Figure: 4.3: Example of a count rate plot (*rat.gif) for detector segment 1A of exposure 001 for the TTAG observation C1600101. These plots show the count rates within the science apertures. The various reasons for flagging bad data are shown below the figure. The dashed curve is the count rate from the sections of the detector used for burst detection. In this case, the plot shows that the observation was obtained during the day, and that several bursts were detected and eliminated from the final spectrum. It also shows that the SiC1A count rate varied significantly during the observation. Because the same plot for LiF1A is stable, we conclude that the target was wandering in and out of the SiC1 aperture (see Chapter 7). As a result, the flux level of the SiC1A spectrum will be less than other channels covering similar wavelengths (see Fig. 4.7). CalFUSE cannot check for this effect since different segments are processed independently and cannot be compared. However, users can use the FUSE tools to exclude these regions (see Chapters 3 and 8).
\epsfig{figure=figs/c16001010011attagfrat.eps, width=0.8\linewidth}

*ext.gif: These files show a calibrated image of the detector, corrected for geometric thermal distortions and spacecraft and instrumental motions. The appearance of these images depends on whether the exposure was TTAG or HIST observation (see Figs. 4.4 and 4.5). These plots only display the data from the "good time" intervals. Warning: if all of the data are flagged as bad, then, instead of producing an empty plot, all of the data are plotted. Therefore, users are recommended to systematicaly check the count rate plots first.

Figure 4.4: Example of a detector image (*ext.gif) for the same segment as shown in Figure 4.3 for a target in the LWRS aperture. This image is made from the IDF file and has been geometrically corrected for instrumental effects. It is not to scale since the actual detector has a 16:1 aspect ratio. Both pixel and wavelength scales are shown, as are the locations of the spectra from the different apertures on the segment. In the TTAG data, the effect of the different aperture sizes on airglow line intensity is clearly apparent. The vertical lines appearing at Lyman β in both spectra are due to airglow emission. Some of the airglow emission falls outside of the extraction window because it is an extended emission. Note that the colors are reversed so that absorption features appear as bright stripes and emission features appear as dark stripes.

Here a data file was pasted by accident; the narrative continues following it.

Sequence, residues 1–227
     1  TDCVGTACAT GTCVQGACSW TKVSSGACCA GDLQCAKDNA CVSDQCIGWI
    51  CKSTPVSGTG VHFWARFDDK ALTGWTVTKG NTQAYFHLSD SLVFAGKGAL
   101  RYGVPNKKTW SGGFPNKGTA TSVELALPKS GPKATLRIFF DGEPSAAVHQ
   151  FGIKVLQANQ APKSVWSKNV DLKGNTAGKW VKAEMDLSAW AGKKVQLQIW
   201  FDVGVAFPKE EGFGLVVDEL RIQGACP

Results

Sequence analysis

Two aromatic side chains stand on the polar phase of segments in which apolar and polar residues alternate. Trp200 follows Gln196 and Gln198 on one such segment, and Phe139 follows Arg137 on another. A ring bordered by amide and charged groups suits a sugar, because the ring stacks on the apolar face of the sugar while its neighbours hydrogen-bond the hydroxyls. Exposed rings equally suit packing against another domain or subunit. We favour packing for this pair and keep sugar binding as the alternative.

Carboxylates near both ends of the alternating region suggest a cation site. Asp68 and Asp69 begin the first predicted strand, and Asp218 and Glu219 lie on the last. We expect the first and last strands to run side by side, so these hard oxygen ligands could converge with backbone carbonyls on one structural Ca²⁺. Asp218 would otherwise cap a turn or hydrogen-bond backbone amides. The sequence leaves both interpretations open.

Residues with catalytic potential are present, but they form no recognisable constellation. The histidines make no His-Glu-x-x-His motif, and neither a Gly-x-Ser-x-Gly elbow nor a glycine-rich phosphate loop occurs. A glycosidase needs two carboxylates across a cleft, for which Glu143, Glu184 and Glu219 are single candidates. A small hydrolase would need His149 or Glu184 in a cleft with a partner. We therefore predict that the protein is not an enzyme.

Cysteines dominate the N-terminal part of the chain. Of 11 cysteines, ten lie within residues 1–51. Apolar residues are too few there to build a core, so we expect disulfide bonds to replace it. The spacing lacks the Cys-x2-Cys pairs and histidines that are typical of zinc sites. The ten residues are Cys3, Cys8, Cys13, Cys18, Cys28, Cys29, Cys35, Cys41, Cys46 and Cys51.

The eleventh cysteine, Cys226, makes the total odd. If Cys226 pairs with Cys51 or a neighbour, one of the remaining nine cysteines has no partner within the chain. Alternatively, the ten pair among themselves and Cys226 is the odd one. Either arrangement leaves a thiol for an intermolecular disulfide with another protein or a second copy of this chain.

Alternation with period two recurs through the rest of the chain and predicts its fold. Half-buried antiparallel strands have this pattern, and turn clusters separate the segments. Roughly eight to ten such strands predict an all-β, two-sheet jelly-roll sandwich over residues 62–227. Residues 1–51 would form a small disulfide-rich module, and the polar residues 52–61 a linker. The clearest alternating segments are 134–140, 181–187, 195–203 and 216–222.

\epsfig{figure=figs/c16001010011attagfext.eps, width=0.8\linewidth}

Figure 4.5: Similar to Fig. 4.4, except for the 1B segment of the HIST observation M1030606002. In this case, the data have a striped appearance. This is because the raw HIST image is binned in Y, and the pipeline simply maps all of events registered by a binned pixel onto the mean value of the bin. This results in rows of filled pixels, separated by several rows of vacant pixels. The rows in this image are curved because they have been corrected for geometric distortions. The top part of the plot is an image of the LiF1B segment. The elongated white stripe in LiF1 near 1150 Å in this segment is due to the "worm" (see Section 7.5). For HIST, data are only collected from the region around the science aperture, LWRS in this case. So no data are seen on most of the segment. Note that the colors are reversed so that absorption features appear as bright stripes and emission features appear as dark stripes.
\epsfig{figure=figs/M10306060021bhistfext.eps, width=0.8\linewidth}
\end{figure} Trailer Files (*.trl)

The trailer files contain run-time information for all pipeline modules. They also list any warnings that these modules may have generated. The "Intermediate" and "Advanced" users will want to look at the trailer files before using any data. A trailer file is produced for each detector segment that is processed and its name has the following form:

\{ pppp \} \{ tt \} \{ oo \} \{ eee \}
\left\{ \begin{arra...
...]{c}{\tt ttag}\\ {\tt hist} \end{array} \right\}
{\tt f.trl}

If all modules of the CalFUSE pipeline are executed without anomaly then the trailer file for each detector segment will look like the example given below in file D06403010011bttagf.trl.

2007 Aug 21 03:47:30 calfuse.csh-1.15: Begin TTAG file
cf_ttag_init-1.41: This is CalFUSE v3.2.1
cf_timeline-1.41: Housekeeping file exists: using it to fill timeline.

2007 Aug 21 03:47:35 cf_ttag_init-1.41: Finished processing
2007 Aug 21 03:47:37 cf_convert_to_farf-1.21: Finished processing
2007 Aug 21 03:47:39 cf_screen_photons-1.28: Finished processing
2007 Aug 21 03:47:40 cf_remove_motions-1.41: Finished processing
IDL Version 6.1.1, Solaris (sunos sparc m32). (c) 2004, Research Systems, Inc.
Compiled module: CF_PLOT_RATE3.
IDL Version 6.1.1, Solaris (sunos sparc m32). (c) 2004, Research Systems, Inc.
Compiled module: CF_PLOT_EXTRACT3.
2007 Aug 21 03:47:47 cf_assign_wavelength-1.15: Finished processing
2007 Aug 21 03:47:47 cf_flux_calibrate-1.12: Finished processing
2007 Aug 21 03:47:48 cf_bad_pixels-1.38: Finished processing
cf_standard_or_optimal_extraction-1.7: Attempting optimal extraction.
cf_scale_bkgd-1.25: Background count too small for a detailed fit.
cf_scale_bkgd-1.25: Assuming an intrinsic count rate of 3.3 cts/s
2007 Aug 21 03:48:06 cf_extract_spectra-1.32: Finished processing
2007 Aug 21 03:48:06 calfuse.csh-1.15: End TTAG file